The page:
It's as if The Nation admitted Alger Hiss's guilt, The New Republic discovered the virtues of evangelical Christianity, or National Review concluded that Barack Obama has been an outstanding president. Yesterday, Consumer Reports gave the top ranking of any sedan to the 2014 Chevrolet Impala, the first American sedan the magazine has rated best in 20 years. The disdain of Consumer Reports for American cars is longstanding, and it persisted even after other parts of the automotive press began to allow that maybe American cars weren't so bad after all. Which is why so many papers picked up yesterday's story about the magazine's rating of the new Impala and why, if my computer is to believed, so many people are searching for information about the car. This change of heart won't be enough to reverse Detroit's recent municipal bankrupty, an event that was the result of many causes but that would have been inconceivable if Americans still bought GM, Ford, and Chrysler cars in the same numbers we used to. But it is a small bit of unexpected good news, especially for those of us living in areas that benefited from the American auto industry during its long prosperity and that are tied to that industry still.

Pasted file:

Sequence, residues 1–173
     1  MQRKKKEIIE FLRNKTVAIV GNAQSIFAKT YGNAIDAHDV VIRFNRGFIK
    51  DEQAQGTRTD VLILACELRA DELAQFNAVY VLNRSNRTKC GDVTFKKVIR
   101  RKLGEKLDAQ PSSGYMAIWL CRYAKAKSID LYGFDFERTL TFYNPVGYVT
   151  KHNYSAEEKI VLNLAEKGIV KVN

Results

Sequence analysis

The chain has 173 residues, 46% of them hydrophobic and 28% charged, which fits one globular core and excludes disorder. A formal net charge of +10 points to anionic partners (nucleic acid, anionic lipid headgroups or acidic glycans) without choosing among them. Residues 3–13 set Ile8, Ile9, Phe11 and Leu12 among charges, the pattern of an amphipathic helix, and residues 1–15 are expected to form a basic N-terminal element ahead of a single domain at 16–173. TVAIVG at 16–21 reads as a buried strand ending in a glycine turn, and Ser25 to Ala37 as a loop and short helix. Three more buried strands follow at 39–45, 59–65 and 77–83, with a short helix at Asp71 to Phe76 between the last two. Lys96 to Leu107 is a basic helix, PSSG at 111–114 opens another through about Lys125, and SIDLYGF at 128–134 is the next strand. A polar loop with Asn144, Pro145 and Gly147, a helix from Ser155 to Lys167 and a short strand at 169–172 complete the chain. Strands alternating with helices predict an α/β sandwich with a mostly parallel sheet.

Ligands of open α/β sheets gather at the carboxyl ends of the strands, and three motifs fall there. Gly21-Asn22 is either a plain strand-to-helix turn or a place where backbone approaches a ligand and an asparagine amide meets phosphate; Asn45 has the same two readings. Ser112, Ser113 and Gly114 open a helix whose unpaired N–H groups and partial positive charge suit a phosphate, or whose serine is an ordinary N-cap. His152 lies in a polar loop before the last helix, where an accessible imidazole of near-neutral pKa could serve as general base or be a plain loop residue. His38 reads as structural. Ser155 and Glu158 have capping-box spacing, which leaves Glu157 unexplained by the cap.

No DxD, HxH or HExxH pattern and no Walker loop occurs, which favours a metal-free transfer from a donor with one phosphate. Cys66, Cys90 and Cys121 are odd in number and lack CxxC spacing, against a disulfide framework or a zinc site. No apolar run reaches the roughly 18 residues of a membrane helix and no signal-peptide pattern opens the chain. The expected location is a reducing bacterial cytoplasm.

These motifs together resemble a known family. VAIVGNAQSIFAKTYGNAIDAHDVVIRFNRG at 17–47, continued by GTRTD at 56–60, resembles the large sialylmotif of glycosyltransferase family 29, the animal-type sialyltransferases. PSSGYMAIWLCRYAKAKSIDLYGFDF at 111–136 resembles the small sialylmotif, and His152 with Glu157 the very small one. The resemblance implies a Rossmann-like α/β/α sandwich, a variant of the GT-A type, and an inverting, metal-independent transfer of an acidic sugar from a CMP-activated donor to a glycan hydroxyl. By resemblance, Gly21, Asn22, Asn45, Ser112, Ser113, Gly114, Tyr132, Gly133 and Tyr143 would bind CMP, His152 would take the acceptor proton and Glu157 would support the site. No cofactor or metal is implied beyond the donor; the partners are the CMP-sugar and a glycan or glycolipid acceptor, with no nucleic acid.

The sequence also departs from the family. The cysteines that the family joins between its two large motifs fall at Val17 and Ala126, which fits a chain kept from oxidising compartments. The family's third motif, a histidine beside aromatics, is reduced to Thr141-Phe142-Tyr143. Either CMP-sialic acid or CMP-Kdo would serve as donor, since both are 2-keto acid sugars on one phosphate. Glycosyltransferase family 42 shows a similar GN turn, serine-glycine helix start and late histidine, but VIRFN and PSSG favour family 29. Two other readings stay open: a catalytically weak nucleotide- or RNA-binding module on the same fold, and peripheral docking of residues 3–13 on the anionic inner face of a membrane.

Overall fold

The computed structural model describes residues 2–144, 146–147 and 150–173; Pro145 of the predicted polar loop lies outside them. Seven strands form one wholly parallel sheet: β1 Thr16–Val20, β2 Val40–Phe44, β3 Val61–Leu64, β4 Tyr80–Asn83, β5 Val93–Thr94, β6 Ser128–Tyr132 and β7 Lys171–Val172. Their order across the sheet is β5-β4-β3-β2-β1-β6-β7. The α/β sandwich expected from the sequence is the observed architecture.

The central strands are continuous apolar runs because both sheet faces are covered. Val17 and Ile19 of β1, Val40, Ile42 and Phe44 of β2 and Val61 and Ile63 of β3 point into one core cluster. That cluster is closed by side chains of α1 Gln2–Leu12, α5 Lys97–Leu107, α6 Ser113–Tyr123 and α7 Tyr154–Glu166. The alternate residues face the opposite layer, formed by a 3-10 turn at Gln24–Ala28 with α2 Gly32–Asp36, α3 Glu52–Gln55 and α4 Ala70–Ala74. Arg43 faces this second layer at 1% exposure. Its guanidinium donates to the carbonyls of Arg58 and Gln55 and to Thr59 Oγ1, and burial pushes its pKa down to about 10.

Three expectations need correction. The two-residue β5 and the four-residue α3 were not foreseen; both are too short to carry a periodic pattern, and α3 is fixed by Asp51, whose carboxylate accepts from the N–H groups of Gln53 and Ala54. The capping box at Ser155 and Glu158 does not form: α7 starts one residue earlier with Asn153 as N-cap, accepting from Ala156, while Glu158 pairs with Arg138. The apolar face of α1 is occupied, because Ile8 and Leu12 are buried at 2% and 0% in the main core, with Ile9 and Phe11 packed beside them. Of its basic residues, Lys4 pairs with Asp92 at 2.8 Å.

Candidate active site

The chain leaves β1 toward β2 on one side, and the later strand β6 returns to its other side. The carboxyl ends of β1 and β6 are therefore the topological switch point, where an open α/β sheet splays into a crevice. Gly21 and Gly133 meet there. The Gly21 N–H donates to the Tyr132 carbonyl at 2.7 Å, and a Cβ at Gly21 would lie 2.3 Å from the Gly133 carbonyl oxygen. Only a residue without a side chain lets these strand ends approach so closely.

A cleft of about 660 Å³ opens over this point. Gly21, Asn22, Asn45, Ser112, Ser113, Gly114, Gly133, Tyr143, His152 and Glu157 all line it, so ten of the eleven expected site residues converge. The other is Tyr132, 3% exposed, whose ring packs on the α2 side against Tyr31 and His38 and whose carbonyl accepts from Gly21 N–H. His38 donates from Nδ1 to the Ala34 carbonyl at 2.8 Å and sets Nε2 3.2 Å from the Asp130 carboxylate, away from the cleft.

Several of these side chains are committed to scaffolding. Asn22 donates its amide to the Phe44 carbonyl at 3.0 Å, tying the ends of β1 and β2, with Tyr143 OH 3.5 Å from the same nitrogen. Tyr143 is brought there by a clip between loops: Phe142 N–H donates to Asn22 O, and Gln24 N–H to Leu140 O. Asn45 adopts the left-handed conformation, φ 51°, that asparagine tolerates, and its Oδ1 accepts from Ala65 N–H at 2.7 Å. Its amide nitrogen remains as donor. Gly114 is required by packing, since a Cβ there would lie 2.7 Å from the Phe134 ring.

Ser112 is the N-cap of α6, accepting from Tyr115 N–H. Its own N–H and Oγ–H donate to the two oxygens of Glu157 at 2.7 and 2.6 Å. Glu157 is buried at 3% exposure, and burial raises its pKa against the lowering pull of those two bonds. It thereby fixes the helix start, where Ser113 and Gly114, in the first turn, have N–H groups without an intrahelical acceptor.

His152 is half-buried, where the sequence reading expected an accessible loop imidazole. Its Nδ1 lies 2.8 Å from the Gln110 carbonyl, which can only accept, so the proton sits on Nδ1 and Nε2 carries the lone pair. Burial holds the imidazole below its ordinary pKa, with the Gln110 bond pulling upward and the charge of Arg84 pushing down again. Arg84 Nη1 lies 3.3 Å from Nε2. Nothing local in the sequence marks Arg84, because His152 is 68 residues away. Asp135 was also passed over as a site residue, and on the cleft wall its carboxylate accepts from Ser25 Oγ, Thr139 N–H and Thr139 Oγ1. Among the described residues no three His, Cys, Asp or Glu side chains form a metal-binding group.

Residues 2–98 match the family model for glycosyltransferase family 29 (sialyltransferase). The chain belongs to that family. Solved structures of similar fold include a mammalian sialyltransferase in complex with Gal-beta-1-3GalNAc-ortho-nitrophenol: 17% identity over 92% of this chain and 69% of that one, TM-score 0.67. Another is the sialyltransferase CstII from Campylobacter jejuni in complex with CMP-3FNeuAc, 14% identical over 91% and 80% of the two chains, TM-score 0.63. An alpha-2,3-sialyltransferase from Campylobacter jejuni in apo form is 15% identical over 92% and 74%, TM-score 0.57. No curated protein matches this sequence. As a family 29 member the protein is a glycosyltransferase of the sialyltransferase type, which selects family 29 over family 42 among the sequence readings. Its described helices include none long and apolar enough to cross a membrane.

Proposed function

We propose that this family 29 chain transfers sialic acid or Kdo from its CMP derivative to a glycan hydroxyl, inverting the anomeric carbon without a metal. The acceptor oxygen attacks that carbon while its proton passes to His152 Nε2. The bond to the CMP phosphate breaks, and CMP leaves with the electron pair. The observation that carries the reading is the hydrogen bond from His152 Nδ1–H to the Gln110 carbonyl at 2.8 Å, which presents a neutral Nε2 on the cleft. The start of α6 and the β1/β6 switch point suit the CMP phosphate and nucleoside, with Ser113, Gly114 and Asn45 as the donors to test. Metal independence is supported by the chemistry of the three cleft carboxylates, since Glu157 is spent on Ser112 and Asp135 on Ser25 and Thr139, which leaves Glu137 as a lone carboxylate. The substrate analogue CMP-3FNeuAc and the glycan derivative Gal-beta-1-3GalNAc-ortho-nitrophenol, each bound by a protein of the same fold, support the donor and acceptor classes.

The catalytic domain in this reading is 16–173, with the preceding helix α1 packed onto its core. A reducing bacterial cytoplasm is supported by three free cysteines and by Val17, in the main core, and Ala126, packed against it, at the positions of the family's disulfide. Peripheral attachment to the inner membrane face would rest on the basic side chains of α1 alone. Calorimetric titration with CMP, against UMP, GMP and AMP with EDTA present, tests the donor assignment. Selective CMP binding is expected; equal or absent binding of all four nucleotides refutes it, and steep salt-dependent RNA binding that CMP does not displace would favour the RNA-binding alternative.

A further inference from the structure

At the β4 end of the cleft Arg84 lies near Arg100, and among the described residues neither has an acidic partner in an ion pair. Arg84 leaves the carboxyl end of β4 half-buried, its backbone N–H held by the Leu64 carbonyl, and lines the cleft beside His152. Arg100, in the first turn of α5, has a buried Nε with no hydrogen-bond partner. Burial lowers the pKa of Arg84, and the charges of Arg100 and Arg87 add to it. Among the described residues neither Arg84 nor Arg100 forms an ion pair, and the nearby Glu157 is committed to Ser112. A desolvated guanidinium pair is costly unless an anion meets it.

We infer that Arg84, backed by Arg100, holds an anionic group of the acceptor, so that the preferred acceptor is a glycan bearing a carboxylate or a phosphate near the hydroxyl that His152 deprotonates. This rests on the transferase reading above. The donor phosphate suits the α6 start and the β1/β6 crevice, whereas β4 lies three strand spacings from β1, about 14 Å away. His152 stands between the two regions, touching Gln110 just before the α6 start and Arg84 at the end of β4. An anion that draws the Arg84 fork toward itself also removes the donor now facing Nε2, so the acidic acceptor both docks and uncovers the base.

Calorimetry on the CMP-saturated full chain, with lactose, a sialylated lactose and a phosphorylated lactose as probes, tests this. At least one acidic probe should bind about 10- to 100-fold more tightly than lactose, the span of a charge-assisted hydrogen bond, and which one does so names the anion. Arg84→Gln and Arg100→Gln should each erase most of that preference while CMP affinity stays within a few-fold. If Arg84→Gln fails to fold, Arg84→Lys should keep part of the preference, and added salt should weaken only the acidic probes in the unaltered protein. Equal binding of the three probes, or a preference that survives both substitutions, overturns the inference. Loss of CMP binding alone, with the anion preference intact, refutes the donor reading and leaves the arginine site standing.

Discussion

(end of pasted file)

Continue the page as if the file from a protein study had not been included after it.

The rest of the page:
Thomas Piatak is a contributing editor to Chronicles: A Magazine of American Culture. He writes from Cleveland, Ohio.